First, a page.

The order in which Moses is told about the various elements and furnishings of the tabernacle is important. We find that he begins with the ark, and then he moves on to the table and the lamp, after which he tells him how to make the tent. There is an object that is left out and explained later: the small altar of incense. That is not explained till after the great bronze altar and the tabernacle’s perimeter are given, and before the bronze laver. What is curious about this is that the small altar, which is placed inside the tent, is not described when all the rest of the objects in the tent are.
The reason for this is that the objects that come together are the furnishings for God’s dwelling, and the altar is not a furnishing. It is not one of the things for the home, but rather is a function of something else. What we have in the ark, is a footstool, and then we get a table and a lamp.
God has no bed in his house, in fact, the lamp is lit all night long. Why? He who keeps Israel never slumbers or sleeps.
So why, then, does God have a table and a lamp?
We can understand the table better if we look at the four things it says were on it. Exodus 25:29 You shall make its dishes, its pans, its pitchers, and its bowls for pouring.
The dishes are that on which the showbread was displayed: two rows of six loaves. This is what we associate with this table, but that’s not all that was placed on this table. What are the pans, the pitchers and the bowls? Is this God’s holy cupboard? Not quite.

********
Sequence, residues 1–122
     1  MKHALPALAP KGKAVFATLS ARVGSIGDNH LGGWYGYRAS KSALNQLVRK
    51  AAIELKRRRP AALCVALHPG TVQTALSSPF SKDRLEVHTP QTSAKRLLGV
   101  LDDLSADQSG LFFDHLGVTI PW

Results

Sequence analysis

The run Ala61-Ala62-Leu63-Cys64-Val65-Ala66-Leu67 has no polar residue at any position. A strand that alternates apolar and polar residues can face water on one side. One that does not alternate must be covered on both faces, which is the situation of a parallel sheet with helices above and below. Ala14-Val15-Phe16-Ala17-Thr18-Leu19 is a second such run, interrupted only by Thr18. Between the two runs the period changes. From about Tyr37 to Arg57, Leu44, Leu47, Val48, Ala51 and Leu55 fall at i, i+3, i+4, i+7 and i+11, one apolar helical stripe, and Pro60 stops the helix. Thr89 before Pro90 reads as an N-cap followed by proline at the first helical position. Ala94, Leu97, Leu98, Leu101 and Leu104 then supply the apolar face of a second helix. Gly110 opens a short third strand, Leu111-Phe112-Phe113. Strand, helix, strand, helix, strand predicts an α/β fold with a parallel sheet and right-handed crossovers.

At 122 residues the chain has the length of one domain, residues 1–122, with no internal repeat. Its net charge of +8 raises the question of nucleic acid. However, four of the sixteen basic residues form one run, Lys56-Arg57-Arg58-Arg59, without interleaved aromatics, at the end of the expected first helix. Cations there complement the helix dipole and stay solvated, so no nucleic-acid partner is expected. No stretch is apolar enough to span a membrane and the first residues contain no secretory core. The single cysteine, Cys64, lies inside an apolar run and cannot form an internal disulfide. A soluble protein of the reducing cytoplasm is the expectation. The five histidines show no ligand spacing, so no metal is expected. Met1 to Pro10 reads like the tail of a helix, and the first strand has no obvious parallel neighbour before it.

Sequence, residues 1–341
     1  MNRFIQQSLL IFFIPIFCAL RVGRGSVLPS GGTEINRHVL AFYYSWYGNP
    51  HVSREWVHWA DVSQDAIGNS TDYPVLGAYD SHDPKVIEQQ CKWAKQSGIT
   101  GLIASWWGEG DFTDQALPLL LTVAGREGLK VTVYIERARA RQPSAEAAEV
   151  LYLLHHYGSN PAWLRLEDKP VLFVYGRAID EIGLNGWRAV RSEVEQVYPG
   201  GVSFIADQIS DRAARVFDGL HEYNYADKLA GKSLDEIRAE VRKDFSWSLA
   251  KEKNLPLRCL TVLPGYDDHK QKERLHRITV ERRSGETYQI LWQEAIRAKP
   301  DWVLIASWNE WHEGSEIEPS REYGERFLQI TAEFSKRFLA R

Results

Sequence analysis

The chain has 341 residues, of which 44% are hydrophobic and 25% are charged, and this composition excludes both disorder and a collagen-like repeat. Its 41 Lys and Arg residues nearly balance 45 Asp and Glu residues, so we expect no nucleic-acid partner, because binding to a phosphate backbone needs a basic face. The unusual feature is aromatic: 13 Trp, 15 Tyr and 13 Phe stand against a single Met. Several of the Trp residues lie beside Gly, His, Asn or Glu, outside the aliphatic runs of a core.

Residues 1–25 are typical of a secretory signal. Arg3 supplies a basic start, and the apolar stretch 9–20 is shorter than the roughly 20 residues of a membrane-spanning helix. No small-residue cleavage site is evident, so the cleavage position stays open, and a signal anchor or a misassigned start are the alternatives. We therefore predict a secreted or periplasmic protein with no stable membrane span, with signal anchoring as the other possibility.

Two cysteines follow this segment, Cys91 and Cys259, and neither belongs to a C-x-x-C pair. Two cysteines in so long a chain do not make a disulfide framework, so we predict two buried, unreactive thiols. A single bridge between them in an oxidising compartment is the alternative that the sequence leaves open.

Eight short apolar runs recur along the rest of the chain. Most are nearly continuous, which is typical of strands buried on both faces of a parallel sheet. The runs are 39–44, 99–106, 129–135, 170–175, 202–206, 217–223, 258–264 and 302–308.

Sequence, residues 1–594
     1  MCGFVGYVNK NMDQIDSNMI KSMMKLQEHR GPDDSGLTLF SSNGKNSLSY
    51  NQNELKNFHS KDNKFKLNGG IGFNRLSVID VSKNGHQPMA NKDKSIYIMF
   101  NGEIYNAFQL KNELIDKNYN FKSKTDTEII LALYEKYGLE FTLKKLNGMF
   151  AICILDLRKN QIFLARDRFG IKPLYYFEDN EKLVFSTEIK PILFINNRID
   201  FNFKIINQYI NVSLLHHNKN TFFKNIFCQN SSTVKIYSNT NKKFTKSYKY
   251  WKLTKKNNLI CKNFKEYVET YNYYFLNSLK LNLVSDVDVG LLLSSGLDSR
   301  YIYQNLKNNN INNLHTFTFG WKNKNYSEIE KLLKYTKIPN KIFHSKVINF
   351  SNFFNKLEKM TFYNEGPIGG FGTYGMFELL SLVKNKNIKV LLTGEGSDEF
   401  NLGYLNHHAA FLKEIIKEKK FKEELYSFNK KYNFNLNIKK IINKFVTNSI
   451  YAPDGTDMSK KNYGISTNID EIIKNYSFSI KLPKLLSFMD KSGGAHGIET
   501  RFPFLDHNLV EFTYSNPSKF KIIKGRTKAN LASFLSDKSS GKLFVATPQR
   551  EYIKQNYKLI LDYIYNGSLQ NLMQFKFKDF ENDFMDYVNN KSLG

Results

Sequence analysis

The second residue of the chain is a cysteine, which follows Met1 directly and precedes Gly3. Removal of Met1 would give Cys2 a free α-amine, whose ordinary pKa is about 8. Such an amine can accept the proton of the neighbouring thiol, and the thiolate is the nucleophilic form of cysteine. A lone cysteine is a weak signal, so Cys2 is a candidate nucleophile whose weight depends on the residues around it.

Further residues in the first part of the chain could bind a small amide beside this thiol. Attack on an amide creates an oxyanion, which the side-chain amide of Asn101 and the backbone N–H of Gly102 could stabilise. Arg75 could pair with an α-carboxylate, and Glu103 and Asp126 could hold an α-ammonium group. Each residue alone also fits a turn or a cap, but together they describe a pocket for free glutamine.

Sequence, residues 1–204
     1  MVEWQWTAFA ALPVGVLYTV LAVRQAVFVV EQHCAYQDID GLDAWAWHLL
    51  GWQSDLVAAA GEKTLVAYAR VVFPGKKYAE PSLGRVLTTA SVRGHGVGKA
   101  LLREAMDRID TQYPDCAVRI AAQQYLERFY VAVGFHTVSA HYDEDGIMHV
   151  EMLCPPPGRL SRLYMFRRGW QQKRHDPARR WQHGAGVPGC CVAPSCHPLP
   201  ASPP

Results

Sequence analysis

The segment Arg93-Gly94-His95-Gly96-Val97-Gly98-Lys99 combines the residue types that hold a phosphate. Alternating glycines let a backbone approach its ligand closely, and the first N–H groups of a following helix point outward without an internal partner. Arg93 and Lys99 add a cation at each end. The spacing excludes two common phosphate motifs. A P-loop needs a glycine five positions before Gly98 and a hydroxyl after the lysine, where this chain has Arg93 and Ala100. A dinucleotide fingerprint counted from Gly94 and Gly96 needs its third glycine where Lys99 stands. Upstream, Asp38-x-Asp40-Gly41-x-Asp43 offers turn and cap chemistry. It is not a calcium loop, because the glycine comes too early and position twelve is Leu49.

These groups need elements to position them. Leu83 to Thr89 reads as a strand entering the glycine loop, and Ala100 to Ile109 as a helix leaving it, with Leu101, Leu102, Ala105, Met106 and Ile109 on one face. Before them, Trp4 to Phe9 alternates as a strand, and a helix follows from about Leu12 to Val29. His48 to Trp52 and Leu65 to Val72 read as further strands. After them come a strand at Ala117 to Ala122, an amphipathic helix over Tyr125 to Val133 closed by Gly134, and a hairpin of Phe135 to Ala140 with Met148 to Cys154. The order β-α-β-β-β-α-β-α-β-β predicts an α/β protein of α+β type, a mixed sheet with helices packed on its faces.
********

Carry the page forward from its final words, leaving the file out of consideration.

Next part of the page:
The pans are for incense. The showbread was offered with incense, and incense is symbolic of prayer offered up. So you have a table with bread and prayer. What about the pitchers? For the wine, which was poured out as a drink offering. When they poured out the wine, it was poured into the bowls, or cups, because that must be done decently and in order. Everything is done decently and in order in God’s house.
What do you get? You have a table with bread, wine, and prayer constantly laid out in God’s dwelling place. You have no doubt heard of something similar elsewhere!
It is the table of the Lord.
We also have a lamp. If you look at the description of this lamp you will realize that it is a stylized almond tree. So why an almond tree? Why not an olive tree? Why a tree at all? Why a tree of light?
Almond trees were the first to blossom in the spring. They were for that reason known as watchers. It was a watching tree. The lamp, then, was intended to suggest a watching tree, a watching thing, an illuminator that watched as well, that saw, that understood. The lamps were set into that gleaming, elaborate golden lampstand so that the light would fall directly on the table. It illumined the table of the Lord. As you probably know, oil is a picture of the Spirit, and the light of this illumination that falls on the table of the Lord is representative of the Spirit’s accompanying the words of Scripture, the words of promise, making them effectual to those who receive them with faith.
It is the lamp of the Holy Spirit, shedding attentive light, making all things in God’s dwelling place clear and bright.
And so you have in God’s house, a picture of the Holy Trinity. The Father, monarchial, is enthroned above the cherubim who keep watch at his footstool. From the Father two proceed from all eternity, the Son and the Spirit. The Son is seen in the table, he approaches his people on a mission, giving us true nourishment. And the Spirit illumines it, so that when the sustenance to be had in the Lord’s house is received by faith, it nourishes eternal life. The pattern that Moses saw on the mountain spoke to this spiritual truth: when we come to God’s presence by faith, having access through the merits of Jesus Christ, we are caught up into the life of the Blessed Trinity. There we dwell in God's house. There we can live in communion with the Father, the Son, and the Holy Spirit.